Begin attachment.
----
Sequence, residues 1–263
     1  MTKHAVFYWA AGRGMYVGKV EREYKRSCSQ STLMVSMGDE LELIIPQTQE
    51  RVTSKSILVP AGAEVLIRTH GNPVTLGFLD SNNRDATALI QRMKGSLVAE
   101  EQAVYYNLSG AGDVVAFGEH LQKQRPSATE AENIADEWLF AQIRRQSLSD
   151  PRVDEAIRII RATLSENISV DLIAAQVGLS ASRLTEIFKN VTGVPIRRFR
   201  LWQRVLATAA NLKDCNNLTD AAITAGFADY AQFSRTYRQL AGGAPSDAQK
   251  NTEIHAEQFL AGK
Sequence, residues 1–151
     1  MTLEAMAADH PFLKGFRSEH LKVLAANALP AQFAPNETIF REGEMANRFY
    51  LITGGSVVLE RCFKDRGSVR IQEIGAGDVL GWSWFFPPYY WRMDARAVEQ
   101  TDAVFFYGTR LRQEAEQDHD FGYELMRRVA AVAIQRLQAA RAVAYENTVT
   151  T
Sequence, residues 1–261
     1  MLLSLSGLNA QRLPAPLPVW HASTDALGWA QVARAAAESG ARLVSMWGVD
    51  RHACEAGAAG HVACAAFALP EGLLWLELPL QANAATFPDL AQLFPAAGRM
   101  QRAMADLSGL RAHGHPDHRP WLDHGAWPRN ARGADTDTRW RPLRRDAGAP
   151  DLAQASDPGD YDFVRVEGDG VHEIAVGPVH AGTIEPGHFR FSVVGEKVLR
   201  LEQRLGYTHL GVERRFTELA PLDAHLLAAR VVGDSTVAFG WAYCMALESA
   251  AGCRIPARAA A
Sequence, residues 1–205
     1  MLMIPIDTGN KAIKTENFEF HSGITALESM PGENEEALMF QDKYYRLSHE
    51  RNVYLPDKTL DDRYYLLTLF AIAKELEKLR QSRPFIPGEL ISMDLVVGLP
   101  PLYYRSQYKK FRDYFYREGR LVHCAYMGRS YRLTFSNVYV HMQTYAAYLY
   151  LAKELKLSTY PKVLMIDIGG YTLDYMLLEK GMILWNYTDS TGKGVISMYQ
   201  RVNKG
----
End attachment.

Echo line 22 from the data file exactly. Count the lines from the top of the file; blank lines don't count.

    51  RNVYLPDKTL DDRYYLLTLF AIAKELEKLR QSRPFIPGEL ISMDLVVGLP